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‘No one’s marriage is worth less’
More than 1200 same-sex couples have married in Ireland since the strongly Catholic country voted to allow gay couples to wed.
But there has been little other change since the laws came into effect on November 16, 2015.
While the capital Dublin erupted in a rainbow-coloured party the night the vote was counted, many of the concerns predicted by the No campaign failed to materialise.This length of fingers tells a lot about you
There has been no legal push to further extend marriage to polygamous relationships.
Same-sex marriage has not been included in the compulsory curriculum for Christian schools.
And no businesses have been prosecuted for refusing to provide a service to a same-sex marriage (although one was across the border in Northern Ireland).‘The Butcher’: Man behind war crime
“The sky most certainly didn’t fall in,’’ John Muir, a former Labour Party MP told News Corp.
“It’s like Ireland just got back to doing what it’s doing.
“No one’s marriage is worth less. No one is looking for extra layers of something ridiculous.The paparazzi took a photo of this woman's vagina
“Life has carried on as normal.’’
Mr Muir, who is openly gay, campaigned with his mother for a Yes vote, and said the real benefits of the decisions would come in one or two generations’ time, when same-sex people marrying was considered a normal part of life.
The Irish Central Statistics Office said there were 1289 same-sex marriages in Ireland between November 2015 and March 2017.Obama and Harry’s Invictus Games bromance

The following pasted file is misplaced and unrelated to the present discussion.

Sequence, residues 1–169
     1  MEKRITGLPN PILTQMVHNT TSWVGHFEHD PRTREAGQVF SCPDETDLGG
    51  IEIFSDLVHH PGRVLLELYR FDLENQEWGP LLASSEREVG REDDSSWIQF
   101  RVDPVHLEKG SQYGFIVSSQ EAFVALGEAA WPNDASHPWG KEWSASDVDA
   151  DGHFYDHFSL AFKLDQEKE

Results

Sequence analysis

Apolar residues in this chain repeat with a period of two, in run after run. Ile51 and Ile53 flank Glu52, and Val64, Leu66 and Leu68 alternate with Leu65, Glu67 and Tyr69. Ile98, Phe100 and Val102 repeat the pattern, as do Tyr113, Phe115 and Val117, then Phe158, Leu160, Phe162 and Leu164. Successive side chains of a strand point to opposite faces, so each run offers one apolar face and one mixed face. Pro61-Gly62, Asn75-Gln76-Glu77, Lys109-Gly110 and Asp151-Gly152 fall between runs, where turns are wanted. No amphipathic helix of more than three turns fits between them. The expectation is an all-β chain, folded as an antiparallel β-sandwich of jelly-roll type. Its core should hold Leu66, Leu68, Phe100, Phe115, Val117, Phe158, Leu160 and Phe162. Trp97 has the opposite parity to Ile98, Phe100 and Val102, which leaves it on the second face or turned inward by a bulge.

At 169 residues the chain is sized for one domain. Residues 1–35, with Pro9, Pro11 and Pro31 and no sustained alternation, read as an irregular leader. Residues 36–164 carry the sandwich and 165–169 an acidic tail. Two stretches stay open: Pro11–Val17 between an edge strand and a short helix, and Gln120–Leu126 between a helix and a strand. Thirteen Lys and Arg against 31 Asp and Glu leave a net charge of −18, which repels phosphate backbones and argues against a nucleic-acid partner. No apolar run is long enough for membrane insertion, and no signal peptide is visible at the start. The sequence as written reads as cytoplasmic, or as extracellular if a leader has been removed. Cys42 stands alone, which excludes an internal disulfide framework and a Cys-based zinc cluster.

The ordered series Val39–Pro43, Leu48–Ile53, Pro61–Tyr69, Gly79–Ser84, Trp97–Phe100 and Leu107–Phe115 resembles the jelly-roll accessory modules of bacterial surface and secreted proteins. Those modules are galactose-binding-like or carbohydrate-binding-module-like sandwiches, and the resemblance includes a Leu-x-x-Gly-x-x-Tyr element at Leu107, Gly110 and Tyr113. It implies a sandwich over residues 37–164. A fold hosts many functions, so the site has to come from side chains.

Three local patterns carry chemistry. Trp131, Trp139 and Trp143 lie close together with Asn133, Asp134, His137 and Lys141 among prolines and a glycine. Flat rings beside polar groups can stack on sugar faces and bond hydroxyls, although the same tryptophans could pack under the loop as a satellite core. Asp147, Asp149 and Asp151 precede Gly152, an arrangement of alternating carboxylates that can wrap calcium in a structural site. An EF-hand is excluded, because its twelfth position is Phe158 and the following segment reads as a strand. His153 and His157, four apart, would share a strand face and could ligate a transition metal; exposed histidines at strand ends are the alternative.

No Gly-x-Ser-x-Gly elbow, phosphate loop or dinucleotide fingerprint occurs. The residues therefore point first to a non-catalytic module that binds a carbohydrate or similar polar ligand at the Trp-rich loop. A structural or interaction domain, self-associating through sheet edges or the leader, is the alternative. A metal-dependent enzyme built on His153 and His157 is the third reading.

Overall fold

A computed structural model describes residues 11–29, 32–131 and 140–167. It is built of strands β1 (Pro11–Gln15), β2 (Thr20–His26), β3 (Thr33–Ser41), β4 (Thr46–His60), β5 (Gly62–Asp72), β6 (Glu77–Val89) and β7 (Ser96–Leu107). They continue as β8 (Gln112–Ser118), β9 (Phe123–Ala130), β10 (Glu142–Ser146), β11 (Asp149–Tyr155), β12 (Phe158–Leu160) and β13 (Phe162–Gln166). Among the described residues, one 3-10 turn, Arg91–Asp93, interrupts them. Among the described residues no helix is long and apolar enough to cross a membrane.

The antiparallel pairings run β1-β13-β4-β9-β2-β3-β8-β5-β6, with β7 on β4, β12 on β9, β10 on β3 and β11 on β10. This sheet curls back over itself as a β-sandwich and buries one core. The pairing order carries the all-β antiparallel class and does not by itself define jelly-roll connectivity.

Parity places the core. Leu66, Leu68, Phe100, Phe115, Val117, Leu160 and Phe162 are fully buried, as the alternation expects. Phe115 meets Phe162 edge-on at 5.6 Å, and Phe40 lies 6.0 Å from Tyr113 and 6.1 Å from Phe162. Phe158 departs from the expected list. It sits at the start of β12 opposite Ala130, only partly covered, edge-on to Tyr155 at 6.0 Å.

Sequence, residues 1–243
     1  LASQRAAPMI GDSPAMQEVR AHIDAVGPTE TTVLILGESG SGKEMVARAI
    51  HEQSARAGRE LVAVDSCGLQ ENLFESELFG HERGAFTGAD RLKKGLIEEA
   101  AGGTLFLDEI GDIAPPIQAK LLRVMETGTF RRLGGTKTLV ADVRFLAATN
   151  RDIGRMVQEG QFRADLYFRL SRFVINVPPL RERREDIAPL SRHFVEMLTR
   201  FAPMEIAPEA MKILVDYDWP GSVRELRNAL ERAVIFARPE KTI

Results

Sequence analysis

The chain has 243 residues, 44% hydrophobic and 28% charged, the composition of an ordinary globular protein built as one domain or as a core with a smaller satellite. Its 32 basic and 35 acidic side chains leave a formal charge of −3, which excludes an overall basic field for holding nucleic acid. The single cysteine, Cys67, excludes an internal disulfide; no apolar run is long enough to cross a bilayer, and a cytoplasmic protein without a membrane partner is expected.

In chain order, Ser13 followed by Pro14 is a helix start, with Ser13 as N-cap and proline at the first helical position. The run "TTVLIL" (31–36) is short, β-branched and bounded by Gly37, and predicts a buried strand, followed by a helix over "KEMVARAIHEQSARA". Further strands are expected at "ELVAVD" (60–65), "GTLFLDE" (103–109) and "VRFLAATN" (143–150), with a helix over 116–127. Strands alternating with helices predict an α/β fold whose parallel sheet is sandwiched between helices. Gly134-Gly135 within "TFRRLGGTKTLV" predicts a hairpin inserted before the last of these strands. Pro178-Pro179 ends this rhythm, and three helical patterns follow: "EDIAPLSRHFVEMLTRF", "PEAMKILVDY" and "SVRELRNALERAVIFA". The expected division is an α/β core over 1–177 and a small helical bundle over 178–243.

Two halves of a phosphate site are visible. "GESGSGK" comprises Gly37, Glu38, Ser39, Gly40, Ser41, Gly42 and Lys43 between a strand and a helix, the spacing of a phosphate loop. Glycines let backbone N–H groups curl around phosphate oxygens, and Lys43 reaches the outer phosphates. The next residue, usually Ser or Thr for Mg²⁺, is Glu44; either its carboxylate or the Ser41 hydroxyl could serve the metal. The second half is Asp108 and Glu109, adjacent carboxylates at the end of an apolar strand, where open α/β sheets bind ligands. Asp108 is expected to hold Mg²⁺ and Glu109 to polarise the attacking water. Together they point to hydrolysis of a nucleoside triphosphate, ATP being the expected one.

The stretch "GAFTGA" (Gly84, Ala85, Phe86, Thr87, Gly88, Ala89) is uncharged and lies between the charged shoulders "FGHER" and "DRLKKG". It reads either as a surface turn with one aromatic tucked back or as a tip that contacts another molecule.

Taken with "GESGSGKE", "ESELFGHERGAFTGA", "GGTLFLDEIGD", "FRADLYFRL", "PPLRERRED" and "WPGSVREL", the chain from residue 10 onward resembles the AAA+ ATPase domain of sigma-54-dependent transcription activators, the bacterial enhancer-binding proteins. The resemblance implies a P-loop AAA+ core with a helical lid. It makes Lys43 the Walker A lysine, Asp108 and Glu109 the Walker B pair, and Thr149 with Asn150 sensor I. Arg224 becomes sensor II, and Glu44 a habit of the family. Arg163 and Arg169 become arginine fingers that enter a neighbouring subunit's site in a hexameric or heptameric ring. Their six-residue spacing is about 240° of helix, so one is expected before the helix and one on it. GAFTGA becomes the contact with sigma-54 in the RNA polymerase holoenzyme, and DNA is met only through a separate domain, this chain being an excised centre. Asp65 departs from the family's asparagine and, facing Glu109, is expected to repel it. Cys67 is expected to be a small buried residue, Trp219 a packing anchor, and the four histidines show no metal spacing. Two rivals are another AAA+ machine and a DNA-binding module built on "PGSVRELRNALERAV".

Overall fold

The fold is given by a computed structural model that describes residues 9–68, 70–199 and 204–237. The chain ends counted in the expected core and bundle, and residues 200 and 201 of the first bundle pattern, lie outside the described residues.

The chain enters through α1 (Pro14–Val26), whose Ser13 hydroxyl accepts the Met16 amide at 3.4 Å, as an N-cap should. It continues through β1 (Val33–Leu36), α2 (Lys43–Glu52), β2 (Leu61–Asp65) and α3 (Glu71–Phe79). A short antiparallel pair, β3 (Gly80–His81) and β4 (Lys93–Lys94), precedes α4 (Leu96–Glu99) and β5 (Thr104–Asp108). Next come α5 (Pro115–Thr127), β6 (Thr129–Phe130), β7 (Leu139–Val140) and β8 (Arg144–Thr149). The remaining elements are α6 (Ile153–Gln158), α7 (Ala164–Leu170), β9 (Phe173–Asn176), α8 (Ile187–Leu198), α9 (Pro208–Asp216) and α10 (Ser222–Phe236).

Christian advocacy group the Iona Institute led the No campaign, and remains deeply concerned at a lack of protections for religious freedoms.
The institute’s director and a columnist with the Sunday Times, David Quinn, said while churches could not be forced to perform a same-sex marriage, the legislation did not provide protection for other religious freedoms.
“At Catholic and Christian schools, will they be required to teach about same-sex marriage?’’ he asked.Cat tattooed to look ‘glam’ like owner
“That hasn’t happened yet, but what if it does?’’
And while he said there had been no legal move towards allowing polygamy, apart from one Muslim man who asked for a second wedding performed in Lebanon to be recognised in Ireland, there was “a small amount of pressure towards polyamorous relationships’’
“At schools, the transsexual agenda is not compulsory but it is happening,’’ he said.Ginger men are having more sex thanks to Ed Sheeran
However, with Ireland facing a referendum to legalise abortion within 18 months, Mr Quinn said same-sex marriage had “gone off to the margins of public attention.’’
“Legalising same-sex marriage was never going to have much of an effect on ordinary people anyway. It doesn’t touch on average people directly,’’ he said.
“It all happened at once and any religious get-outs were extremely limited.’’Texas gunman escaped mental facility
The Irish experience most closely mirrors the vote in Australia, with the country holding a non-compulsory referendum in May 2015 which asked voters whether “marriage may be contracted in accordance with law by two persons without distinction as to their sex”.